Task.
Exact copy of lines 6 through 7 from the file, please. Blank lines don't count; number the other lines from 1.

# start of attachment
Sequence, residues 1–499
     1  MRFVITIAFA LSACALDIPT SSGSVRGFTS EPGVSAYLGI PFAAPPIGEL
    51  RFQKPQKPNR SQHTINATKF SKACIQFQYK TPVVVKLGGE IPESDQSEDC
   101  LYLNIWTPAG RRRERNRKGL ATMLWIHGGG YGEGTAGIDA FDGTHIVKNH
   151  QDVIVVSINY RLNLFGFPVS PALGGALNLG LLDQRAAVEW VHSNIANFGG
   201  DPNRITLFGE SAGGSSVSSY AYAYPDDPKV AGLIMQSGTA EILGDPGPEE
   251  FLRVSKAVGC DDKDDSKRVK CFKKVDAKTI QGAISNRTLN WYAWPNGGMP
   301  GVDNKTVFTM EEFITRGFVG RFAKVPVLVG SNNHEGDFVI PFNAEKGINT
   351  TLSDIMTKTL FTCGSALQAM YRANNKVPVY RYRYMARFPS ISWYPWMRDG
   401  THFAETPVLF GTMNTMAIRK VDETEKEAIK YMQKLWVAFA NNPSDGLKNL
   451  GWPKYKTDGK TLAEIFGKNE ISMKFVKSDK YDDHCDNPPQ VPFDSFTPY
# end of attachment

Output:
   201  DPNRITLFGE SAGGSSVSSY AYAYPDDPKV AGLIMQSGTA EILGDPGPEE
   251  FLRVSKAVGC DDKDDSKRVK CFKKVDAKTI QGAISNRTLN WYAWPNGGMP